Frank Beddor with Liz Cavalier’s Hatter M, Volume Two: Mad With Wonder

cover art for Hatter M volume 2Faith J. Cormier wrote this review.

As this second volume of Hatter M graphic novel collection opens, Hatter Madigan is still following the Glow, searching the world for Princess Alyss Heart of Wonderland, trapped in our imagination-poor universe instead of her own. And it is 1864.

The “Prologue” introduces Queen Redd and two mysterious mirror women who set the scene for us. In “Timbromania,” Hatter M tells his patron, Sir Lucius Oliphant Wellesley, that he has found traces of Alyss in America and is sent by him to find some Confederate stamps. “Amazing Grace” tells of Hatter’s arrival in America and finding of the “Glow Girl,” Sister Sally. He also finds a soul-stealing enterprise far too reminiscent of the one he had to destroy in Volume One of his travels. The next episode, “War,” finds Hatter M caught up in the insanity of the American Civil War, and especially of General Jubal A. Early. Despite a brief but surprisingly romantic interlude in “Love & Death,” Hatter finds himself gravely injured, deprived of his weapons and confined to an insane asylum under the tender care of Dr. Young and Dr. Frood. “Asylum” introduces his caregivers and fellow-patients. “Hat’s Off!” recounts the adventures of his hat as it travels alone across Virginia to find him. In “Revelation,” he makes his escape.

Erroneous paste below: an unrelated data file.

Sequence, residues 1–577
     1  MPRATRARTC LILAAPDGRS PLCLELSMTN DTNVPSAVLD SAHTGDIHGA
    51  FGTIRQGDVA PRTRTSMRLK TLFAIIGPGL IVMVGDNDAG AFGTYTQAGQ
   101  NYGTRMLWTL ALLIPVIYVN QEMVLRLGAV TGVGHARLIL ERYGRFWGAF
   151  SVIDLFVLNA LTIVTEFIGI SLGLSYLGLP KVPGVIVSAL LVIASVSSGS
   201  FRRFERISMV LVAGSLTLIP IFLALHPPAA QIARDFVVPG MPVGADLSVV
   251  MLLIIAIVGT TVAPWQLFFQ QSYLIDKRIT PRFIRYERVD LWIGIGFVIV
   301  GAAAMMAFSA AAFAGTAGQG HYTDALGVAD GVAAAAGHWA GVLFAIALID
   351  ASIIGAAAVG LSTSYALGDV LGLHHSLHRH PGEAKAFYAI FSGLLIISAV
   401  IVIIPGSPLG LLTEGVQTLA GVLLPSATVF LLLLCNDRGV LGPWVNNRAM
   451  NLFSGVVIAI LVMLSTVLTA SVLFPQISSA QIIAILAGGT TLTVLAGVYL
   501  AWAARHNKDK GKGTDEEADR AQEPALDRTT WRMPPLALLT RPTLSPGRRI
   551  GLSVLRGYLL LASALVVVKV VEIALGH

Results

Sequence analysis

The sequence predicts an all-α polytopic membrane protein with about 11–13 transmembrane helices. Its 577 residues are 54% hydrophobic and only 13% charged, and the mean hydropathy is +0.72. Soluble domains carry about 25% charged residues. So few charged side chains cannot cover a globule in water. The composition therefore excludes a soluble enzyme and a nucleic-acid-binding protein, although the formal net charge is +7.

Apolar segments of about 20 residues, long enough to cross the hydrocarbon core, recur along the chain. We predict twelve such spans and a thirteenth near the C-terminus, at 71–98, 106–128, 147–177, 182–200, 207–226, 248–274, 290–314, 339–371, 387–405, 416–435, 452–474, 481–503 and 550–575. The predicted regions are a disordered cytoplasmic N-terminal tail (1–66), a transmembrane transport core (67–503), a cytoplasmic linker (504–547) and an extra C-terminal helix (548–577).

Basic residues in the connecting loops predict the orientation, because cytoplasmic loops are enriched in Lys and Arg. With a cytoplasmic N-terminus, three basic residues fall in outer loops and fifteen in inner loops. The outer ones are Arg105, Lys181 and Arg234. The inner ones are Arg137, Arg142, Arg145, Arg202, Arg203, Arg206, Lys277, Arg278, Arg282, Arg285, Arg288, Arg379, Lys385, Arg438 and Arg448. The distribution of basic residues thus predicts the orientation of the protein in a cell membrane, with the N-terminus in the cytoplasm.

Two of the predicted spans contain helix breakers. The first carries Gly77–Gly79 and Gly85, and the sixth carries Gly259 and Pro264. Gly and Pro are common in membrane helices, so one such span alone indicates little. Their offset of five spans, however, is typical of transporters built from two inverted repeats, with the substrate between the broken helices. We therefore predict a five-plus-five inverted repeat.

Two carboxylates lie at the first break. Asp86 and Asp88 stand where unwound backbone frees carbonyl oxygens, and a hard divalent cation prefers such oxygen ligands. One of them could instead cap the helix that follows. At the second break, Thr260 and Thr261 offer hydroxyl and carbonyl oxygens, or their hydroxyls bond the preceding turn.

Unbeknownst to poor Hatter M, Alyss is safe in England, being raised by the Liddell family and befriending Lewis Carroll. (The fact that Carroll later betrayed her is immaterial. During this period they were very close.) His wanderings and suffering are for naught, unless perhaps the flashbacks to his youth and his relationship with his elder brother Dalton indicate that Hatter is learning things about himself that he needs to learn.

As always with Looking Glass Wars books, the back matter is at least as interesting as the stories. We have a sneak preview of volume three (Hatter Madigan seems to still be stuck in the Civil War), essays from the Hatter M Institute for Paranormal Travel, some gorgeous illustrations from Hatter M’s personal deck of cards, pages from Alyss Heart’s diaries bringing us up to date on what was going on with her during this period, bits from the process gallery and an excerpt from Arch Enemy, the final book in The Looking Glass Wars trilogy.

I enjoyed Mad With Wonder more than I did volume one. I think the main difference was the artwork. While I don’t really like Sami Makkonen’s style any better than I did Ben Templesmith’s in the first volume, I found the layouts slightly less confusing. Also, as this volume does not contain any retellings of stories from the trilogy; it stood on its own more and I wasn’t continually comparing it to what was probably the “real” version in my mind.

Frank Beddor’s website is here.

(Automatic Pictures Publishing, 2009)

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